9. Wolbachia is a genus of maternally inherited endosymbionts that can affect reproduction of their hosts and influence metabolic processes. The pollinator, Valisia javana, is common in the male syconium of the dioe...

    Authors: Wanzhen Liu, Xue Xia, Ary A. Hoffmann, Yamei Ding, Ji-Chao Fang and Hui Yu
    Citation: BMC Genomics 2023 24:657
  10. Anaerobic parasitic ciliates are a specialized group of ciliates that are adapted to anoxic and oxygen-depleted habitats. Among them, Balantidium polyvacuolum, which inhabits the hindgut of Xenocyprinae fishes, h...

    Authors: Xia-lian Bu, Wei-shan Zhao, Zhong-yang Li, Hong-wei Ma, Yu-shun Chen, Wen-xiang Li, Hong Zou, Ming Li and Gui-tang Wang
    Citation: BMC Genomics 2023 24:624
  11. Plasmodium vivax is the second most important cause of human malaria worldwide, and accounts for the majority of malaria cases in South America. A high-quality reference genome exists for Papua Indonesia (PvP01) ...

    Authors: Katlijn De Meulenaere, Bart Cuypers, Dionicia Gamboa, Kris Laukens and Anna Rosanas-Urgell
    Citation: BMC Genomics 2023 24:606
  12. Protists of the family Trypanosomatidae (phylum Euglenozoa) have gained notoriety as parasites affecting humans, domestic animals, and agricultural plants. However, the true extent of the group's diversity spr...

    Authors: Amanda T. S. Albanaz, Mark Carrington, Alexander O. Frolov, Anna I. Ganyukova, Evgeny S. Gerasimov, Alexei Y. Kostygov, Julius Lukeš, Marina N. Malysheva, Jan Votýpka, Alexandra Zakharova, Kristína Záhonová, Sara L. Zimmer, Vyacheslav Yurchenko and Anzhelika Butenko
    Citation: BMC Genomics 2023 24:471
  13. Biocontrol is a key technology for the control of pest species. Microctonus parasitoid wasps (Hymenoptera: Braconidae) have been released in Aotearoa New Zealand as biocontrol agents, targeting three different pe...

    Authors: Sarah N. Inwood, John Skelly, Joseph G. Guhlin, Thomas W.R. Harrop, Stephen L. Goldson and Peter K. Dearden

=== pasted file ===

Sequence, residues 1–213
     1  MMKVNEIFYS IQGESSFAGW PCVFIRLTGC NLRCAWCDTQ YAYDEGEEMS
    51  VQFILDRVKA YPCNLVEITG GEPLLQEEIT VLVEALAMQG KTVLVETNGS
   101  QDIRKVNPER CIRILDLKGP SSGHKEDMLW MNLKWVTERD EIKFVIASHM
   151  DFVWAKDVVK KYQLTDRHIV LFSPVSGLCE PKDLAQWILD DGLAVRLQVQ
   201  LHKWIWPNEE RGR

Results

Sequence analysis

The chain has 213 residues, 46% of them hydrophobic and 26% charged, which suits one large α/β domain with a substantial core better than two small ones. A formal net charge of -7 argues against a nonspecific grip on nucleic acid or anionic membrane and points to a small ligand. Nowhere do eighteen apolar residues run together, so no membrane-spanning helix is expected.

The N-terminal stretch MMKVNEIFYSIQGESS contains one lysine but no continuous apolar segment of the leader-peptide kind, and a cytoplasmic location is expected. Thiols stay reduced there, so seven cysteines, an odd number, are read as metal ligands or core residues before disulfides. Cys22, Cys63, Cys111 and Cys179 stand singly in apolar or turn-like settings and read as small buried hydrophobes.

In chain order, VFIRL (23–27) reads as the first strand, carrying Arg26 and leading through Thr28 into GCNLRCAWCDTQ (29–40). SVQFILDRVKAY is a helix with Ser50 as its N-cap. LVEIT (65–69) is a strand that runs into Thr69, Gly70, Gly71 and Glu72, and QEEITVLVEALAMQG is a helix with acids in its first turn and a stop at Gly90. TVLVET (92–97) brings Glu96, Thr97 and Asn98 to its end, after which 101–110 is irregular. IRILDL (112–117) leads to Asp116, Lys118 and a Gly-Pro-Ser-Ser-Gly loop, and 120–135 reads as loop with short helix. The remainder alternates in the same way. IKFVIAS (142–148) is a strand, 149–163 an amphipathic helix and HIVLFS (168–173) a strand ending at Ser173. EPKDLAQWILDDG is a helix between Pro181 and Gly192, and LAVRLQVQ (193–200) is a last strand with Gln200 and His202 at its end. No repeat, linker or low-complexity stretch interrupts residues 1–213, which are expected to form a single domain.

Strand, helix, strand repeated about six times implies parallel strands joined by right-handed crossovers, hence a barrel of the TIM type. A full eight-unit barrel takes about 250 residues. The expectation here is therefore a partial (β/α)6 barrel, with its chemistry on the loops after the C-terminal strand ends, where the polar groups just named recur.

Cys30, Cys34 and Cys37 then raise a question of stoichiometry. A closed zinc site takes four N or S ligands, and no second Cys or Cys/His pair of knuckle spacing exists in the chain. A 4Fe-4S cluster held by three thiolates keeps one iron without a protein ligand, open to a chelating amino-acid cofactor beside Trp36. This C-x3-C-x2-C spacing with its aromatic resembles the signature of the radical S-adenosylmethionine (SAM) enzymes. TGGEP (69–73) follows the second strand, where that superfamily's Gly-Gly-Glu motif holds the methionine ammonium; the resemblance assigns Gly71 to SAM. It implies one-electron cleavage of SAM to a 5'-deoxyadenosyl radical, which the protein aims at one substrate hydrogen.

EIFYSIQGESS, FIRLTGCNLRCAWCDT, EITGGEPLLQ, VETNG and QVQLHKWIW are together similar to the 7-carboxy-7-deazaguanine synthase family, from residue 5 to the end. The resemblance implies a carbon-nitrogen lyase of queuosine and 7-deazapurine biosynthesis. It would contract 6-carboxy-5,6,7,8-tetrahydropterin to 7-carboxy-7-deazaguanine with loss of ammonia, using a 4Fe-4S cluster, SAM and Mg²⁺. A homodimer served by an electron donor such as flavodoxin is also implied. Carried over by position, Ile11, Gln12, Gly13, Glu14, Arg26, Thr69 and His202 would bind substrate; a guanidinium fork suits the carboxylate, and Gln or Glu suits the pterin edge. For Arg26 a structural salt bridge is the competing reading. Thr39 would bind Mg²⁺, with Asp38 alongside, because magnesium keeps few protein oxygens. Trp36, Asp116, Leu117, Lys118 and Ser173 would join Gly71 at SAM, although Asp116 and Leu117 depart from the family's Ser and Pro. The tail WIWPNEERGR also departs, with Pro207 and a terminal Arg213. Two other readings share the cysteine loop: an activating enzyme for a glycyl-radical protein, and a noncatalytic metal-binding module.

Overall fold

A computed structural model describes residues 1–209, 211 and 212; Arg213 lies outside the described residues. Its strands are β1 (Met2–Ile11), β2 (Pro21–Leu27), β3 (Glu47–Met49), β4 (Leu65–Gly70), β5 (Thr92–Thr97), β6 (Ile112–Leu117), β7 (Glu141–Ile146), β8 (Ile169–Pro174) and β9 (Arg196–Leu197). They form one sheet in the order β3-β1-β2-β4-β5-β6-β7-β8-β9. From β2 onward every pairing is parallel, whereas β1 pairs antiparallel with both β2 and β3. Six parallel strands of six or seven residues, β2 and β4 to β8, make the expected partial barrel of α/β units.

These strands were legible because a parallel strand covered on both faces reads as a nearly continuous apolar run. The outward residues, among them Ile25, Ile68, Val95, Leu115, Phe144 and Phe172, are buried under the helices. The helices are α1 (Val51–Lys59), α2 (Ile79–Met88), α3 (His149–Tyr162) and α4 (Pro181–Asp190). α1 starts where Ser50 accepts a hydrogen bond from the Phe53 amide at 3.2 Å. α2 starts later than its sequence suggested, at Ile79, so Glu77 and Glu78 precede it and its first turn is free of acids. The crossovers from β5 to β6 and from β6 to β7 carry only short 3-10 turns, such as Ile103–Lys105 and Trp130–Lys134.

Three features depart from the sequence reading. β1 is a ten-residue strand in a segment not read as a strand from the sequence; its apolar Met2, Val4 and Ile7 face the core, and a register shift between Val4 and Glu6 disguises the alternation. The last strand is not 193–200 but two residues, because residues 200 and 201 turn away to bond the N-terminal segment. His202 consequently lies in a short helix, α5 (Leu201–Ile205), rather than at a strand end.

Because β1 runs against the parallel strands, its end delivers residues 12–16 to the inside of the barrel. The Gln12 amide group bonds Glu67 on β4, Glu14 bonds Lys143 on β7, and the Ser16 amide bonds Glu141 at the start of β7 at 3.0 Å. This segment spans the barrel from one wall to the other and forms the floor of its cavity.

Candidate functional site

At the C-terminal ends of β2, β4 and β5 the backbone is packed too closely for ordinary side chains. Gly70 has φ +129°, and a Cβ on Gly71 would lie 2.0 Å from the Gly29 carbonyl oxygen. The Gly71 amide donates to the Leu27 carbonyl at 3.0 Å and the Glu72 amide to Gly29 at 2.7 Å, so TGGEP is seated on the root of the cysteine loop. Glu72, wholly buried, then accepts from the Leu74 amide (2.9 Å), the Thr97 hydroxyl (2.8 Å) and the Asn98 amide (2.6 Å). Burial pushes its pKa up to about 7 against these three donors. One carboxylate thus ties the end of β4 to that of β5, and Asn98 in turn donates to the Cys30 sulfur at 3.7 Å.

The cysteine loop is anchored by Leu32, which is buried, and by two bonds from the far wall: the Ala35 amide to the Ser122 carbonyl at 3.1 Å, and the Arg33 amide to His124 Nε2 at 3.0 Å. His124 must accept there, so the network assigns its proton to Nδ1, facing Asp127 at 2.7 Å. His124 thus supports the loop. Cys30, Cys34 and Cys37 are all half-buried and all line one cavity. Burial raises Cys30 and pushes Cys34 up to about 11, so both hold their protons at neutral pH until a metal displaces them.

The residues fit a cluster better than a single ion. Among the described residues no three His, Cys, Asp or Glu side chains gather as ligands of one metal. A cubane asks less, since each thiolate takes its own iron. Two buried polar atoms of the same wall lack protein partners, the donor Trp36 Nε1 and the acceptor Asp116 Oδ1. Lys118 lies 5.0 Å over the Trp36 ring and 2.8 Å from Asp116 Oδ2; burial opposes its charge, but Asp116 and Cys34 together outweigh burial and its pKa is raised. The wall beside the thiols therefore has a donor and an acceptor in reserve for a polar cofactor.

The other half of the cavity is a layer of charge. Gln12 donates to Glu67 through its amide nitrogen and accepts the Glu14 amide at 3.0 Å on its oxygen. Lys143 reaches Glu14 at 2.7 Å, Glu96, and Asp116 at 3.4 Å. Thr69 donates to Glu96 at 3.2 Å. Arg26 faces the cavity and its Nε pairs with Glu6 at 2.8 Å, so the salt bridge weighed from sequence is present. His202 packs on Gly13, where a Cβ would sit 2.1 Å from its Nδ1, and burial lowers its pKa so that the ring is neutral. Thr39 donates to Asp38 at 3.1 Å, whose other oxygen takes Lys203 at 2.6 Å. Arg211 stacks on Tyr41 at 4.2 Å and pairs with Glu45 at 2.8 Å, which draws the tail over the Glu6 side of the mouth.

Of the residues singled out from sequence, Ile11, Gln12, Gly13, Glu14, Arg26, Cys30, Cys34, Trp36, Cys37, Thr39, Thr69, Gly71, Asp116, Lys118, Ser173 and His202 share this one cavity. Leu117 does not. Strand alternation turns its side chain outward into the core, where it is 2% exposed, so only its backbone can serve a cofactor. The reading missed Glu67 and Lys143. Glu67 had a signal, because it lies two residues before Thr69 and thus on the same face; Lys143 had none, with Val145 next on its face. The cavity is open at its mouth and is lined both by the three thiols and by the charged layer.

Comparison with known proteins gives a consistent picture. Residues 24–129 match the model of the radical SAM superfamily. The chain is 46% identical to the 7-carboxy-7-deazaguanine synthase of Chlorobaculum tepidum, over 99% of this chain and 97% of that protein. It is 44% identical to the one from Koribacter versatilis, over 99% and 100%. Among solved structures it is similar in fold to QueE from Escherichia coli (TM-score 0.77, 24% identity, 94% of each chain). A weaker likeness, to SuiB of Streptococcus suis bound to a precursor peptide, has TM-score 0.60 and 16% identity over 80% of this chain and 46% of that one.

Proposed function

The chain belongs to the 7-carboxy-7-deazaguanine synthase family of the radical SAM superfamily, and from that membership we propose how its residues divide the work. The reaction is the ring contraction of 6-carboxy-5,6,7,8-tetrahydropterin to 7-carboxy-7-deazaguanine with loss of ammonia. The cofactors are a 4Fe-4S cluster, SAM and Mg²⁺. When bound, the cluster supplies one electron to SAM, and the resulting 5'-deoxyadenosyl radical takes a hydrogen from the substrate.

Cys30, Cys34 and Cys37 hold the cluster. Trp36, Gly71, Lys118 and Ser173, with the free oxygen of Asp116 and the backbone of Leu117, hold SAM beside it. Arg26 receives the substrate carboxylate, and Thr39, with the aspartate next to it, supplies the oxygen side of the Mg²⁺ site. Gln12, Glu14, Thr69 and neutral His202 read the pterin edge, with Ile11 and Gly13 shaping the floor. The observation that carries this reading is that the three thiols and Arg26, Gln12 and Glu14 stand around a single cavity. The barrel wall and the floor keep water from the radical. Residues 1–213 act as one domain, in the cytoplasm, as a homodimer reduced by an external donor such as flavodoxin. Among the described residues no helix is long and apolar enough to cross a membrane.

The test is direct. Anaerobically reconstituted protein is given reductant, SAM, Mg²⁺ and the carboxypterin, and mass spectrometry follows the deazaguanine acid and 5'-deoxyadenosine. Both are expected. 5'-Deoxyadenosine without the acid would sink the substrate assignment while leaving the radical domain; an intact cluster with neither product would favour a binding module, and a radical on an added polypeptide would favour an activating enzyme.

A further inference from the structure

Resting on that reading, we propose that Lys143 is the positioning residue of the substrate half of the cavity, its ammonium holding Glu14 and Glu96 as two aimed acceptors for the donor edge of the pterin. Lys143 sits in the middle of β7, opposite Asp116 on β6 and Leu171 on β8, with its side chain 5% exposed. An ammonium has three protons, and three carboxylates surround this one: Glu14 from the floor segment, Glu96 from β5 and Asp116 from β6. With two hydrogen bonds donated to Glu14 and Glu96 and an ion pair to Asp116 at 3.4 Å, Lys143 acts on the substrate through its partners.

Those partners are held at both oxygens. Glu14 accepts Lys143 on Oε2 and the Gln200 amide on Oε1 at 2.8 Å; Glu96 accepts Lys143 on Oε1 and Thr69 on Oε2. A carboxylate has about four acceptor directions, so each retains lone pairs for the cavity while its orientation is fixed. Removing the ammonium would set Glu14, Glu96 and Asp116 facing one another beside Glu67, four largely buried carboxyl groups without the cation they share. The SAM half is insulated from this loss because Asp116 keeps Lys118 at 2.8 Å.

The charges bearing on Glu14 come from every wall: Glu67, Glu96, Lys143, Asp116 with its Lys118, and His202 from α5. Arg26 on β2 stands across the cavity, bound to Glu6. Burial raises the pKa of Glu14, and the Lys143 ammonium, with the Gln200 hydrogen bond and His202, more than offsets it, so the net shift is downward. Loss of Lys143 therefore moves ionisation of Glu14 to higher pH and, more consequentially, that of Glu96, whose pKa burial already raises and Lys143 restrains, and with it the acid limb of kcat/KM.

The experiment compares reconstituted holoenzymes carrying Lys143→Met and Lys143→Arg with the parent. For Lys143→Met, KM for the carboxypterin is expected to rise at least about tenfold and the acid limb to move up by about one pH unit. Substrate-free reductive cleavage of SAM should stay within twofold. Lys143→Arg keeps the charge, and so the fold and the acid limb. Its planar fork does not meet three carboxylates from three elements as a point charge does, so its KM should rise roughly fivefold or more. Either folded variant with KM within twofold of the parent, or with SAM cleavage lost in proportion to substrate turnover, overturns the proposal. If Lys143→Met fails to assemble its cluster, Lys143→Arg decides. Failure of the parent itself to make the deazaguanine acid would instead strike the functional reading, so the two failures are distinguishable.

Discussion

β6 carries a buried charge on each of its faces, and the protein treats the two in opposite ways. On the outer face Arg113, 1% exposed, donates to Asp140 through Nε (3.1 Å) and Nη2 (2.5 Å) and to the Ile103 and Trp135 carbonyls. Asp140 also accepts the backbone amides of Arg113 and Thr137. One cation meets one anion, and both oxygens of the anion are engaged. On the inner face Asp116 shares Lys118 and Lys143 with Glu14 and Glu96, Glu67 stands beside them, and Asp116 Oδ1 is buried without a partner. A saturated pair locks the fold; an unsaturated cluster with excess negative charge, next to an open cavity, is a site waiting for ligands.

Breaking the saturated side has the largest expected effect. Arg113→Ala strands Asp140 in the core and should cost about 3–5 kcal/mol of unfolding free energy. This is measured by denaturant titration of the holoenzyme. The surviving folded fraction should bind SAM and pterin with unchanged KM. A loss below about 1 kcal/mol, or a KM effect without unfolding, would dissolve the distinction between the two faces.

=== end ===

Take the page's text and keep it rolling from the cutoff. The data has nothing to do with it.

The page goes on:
Citation: BMC Genomics 2023 24:440
  14. Monogenea (Platyhelminthes, Neodermata) are the most species-rich class within the Neodermata superclass of primarily fish parasites. Despite their economic and ecological importance, monogenean research tends...

    Authors: Jiří Vorel, Nikol Kmentová, Christoph Hahn, Petr Bureš and Martin Kašný
    Citation: BMC Genomics 2023 24:363

Submission Guidelines

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This Collection welcomes submission of Research Articles, Data Notes, Database Articles and Software Articles. Before submitting your manuscript, please ensure you have read the submission guidelines of the journal you are submitting to (BMC Genomics and BMC Genomic Data). Articles for this Collection should be submitted via our submission system, Snapp (BMC Genomics and BMC Genomic Data). During the submission process you will be asked whether you are submitting to a Collection, please select "Omics of Parasites" from the dropdown menu.

Articles will undergo the standard peer-review process of the journal they are considered in (BMC Genomics and BMC Genomic Data) and are subject to all of the journal’s standard policies. Articles will be added to the Collection as they are published.

The Editors have no competing interests with the submissions which they handle through the peer review process. The peer review of any submissions for which the Editors have competing interests is handled by another Editorial Board Member who has no competing interests.